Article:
A mere two weeks after the Sentinel-3B satellite joined its twin in orbit, the European Space Agency (ESA) received the first set of three color images taken by the spacecraft’s powerful camera.
The photos reveal spectacular views of our planet as seen from outer space and were captured by the satellite’s ocean and land color instrument. Together with the Sentinel-3A satellite, launched in February 2016, Sentinel-3B will be systematically monitoring Earth’s oceans, land, ice, and atmosphere as part of the Copernicus Earth observation program.
The image above was the very first in the inaugural batch of photos sent back by the Copernicus Sentinel-3B satellite and showcases the sunset over the Weddell Sea off the coast of Antarctica.
This first snapshot of Earth was taken on May 7 at 10:33 a.m. GMT (12:33 a.m. CEST) and was followed almost three hours later by a breathtaking photo of Greenland.
The second image, captured by the Sentinel-3B satellite at 13:20 p.m. GMT (15:20 p.m. CEST), reveals swirls of sea ice being churned into eddies by the wind and by ocean currents.
Last but not least, the satellite’s camera took a third snapshot yesterday morning, this time managing to capture a rare cloud-free view of northern Europe. The photo was taken at 09:33 a.m. GMT (11:33 a.m. CEST) and displays a beautiful contrast between the snow-covered Norwegian landscape, the green features of Denmark and Sweden, and a pale-blue plume of phytoplankton in the North Sea.
RT @ESA_EO: "Hello…is it me you're looking for?" Yes, #Sentinel3 B! We just received the first images from the newest @CopernicusEU satellite… how do you like them? Cause we LOVE them ????https://t.co/H13go0TLQi pic.twitter.com/nLiVKGvRhs
— ruimtevaart (@ruimtevaart) May 9, 2018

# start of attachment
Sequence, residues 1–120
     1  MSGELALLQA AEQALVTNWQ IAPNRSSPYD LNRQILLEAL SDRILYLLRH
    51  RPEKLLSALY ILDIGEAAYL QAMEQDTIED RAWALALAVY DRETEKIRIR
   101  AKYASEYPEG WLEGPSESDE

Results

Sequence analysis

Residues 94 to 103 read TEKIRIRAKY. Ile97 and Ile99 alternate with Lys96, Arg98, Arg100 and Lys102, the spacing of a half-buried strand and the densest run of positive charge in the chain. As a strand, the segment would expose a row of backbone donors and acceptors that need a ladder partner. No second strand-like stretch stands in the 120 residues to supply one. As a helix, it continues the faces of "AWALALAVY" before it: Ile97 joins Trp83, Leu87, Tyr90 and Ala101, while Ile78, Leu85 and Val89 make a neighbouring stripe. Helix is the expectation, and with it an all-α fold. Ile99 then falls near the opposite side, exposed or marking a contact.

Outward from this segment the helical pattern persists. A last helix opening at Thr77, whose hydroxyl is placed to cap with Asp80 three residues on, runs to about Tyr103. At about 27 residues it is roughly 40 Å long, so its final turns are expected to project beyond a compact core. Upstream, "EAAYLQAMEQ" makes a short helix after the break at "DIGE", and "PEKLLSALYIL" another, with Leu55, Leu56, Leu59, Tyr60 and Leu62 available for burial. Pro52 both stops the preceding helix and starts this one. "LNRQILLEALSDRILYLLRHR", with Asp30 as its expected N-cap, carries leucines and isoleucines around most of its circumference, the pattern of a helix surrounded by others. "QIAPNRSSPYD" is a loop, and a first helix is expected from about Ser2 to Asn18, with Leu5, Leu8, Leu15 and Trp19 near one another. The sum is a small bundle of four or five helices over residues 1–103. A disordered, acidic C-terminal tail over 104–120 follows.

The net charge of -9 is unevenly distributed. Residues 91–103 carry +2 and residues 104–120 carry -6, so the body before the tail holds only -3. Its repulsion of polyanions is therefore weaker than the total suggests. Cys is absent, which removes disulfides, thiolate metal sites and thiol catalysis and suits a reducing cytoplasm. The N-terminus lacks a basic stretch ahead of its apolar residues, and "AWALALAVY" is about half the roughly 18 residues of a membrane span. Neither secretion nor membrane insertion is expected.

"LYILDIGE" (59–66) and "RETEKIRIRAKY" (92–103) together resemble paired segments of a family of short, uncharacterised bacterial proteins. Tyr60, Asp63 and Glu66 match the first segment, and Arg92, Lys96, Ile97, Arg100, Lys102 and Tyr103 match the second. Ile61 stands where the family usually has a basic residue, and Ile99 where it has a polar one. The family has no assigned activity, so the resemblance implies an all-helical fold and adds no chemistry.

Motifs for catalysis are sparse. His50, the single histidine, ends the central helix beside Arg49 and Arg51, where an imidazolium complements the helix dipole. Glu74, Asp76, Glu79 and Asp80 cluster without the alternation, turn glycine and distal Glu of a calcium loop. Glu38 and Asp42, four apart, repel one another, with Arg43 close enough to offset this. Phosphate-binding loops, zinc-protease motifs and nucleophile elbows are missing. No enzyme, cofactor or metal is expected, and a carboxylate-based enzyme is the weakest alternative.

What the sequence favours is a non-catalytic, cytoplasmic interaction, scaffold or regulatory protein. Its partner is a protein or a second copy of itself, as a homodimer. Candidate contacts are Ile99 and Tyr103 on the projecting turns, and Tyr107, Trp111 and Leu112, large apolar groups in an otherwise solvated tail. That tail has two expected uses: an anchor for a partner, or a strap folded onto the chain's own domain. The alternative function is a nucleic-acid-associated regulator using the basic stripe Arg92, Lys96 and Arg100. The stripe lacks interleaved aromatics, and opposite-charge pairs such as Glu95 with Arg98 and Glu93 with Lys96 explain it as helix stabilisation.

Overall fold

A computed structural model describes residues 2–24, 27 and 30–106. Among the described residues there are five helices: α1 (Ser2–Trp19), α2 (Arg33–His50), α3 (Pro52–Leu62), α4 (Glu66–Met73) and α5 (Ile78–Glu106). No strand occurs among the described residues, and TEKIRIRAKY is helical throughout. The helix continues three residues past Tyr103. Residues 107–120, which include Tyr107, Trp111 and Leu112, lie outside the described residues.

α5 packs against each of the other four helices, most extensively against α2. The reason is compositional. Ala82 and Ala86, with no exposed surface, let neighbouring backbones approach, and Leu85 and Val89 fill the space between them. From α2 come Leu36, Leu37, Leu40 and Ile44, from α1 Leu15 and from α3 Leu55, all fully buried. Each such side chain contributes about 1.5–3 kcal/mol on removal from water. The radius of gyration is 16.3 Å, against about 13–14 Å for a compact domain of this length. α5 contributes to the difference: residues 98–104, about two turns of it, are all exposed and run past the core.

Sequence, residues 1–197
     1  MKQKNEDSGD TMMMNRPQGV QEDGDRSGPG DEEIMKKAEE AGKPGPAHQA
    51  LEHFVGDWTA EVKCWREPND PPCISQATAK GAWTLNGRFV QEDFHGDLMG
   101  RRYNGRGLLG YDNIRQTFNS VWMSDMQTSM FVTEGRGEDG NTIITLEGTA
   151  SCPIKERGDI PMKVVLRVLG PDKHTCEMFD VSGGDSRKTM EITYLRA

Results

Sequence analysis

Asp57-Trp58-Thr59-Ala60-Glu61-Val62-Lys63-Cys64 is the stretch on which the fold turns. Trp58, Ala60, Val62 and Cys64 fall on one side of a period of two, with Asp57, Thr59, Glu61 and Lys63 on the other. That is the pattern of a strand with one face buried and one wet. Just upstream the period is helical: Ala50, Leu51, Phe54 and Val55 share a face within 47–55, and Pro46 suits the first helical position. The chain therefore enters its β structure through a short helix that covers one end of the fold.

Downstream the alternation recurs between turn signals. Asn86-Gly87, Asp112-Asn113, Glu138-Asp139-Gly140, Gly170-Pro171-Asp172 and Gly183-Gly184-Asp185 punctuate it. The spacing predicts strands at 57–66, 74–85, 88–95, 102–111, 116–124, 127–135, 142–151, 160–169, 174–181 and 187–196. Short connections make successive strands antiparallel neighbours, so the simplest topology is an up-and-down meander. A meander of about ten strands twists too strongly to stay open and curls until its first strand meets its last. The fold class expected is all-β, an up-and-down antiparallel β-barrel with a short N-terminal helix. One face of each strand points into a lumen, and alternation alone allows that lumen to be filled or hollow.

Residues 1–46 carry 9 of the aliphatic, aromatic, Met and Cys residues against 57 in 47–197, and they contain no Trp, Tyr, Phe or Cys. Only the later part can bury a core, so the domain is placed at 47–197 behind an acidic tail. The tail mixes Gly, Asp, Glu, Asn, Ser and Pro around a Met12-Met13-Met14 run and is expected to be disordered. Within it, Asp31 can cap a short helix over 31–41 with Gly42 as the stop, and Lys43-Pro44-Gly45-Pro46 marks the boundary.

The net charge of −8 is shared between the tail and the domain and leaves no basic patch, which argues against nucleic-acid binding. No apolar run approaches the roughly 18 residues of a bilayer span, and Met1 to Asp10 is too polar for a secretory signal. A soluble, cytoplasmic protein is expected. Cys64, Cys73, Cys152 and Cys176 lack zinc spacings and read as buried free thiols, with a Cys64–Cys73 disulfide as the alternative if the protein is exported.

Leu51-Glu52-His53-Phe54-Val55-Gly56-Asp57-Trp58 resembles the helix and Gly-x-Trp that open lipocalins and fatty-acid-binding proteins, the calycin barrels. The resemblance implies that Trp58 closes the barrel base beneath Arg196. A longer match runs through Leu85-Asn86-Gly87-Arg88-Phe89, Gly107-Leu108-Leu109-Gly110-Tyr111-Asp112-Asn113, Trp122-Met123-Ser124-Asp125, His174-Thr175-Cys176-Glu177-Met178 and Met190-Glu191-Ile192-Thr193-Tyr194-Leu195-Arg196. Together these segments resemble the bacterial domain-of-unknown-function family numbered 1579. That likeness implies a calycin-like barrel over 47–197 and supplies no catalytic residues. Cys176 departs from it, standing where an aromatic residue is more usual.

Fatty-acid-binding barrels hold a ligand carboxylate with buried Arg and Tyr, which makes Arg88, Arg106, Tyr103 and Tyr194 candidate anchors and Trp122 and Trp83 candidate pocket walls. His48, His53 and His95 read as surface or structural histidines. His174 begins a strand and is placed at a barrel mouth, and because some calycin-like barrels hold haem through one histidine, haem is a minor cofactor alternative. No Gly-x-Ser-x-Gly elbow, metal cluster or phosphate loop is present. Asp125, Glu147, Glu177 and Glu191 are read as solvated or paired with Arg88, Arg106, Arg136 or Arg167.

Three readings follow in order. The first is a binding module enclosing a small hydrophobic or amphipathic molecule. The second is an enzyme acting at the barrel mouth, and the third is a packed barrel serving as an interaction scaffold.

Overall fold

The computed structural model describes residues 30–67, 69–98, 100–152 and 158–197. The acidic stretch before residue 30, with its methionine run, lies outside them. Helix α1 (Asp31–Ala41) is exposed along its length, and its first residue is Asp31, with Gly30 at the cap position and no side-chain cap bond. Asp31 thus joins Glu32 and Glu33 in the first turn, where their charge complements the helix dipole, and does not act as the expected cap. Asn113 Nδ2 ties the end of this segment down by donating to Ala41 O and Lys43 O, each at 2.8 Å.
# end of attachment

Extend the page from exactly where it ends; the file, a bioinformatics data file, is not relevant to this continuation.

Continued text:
According to Josef Aschbacher, ESA’s Director of Earth Observation Programmes, this first batch of photos prove that the Sentinel-3B satellite is fully operational and ready “to play its role in providing a stream of high-quality environmental data to improve lives, boost the economy and protect our world.”
ESA plans to use the satellite’s ocean and land color instrument to keep a watchful eye on marine pollution as well as monitor aquatic biological productivity and the health of land vegetation. The cutting-edge instrument features 21 distinct bands and has a 300-meter (or 984-foot) resolution, with a swath width of 1,270 km (or nearly 790 miles).
Less than two weeks after launch, the #Copernicus #Sentinel3B satellite delivers its first images of Earth, as this neat #OLCI picture from 7 May showing swirls of #seaice off the #Greenland coast.
More: https://t.co/f2jI1NFBTh pic.twitter.com/dOQYH4kDKg
— #EOHelp (@ESA_EOHelp) May 9, 2018
The objective of the Sentinel-3 mission is to keep tabs on Earth’s changing climate by mapping sea level changes and measuring the “temperature, color and height of the sea surface,” the ESA points out.
“As well as measuring the oceans, the mission also delivers unique and timely information about changing land cover, vegetation, urban heat islands and for tracking wildfires,” the European agency said in a statement prior to Sentinel-3B’s launch.
The satellite is currently orbiting our planet at a distance of 506 miles (815 kilometers), where it settled after its April 25 launch from the Plesetsk Cosmodrome in Russia.
“We are extremely pleased to see these first images, which show that the satellite is in good health,” said Bruno Berruti, who manages the Sentinel-3 project for ESA.
During the next five months, the agency will be calibrating the instruments aboard the Sentinel-3B satellite, which is the seventh spacecraft launched by the ESA for the Copernicus program.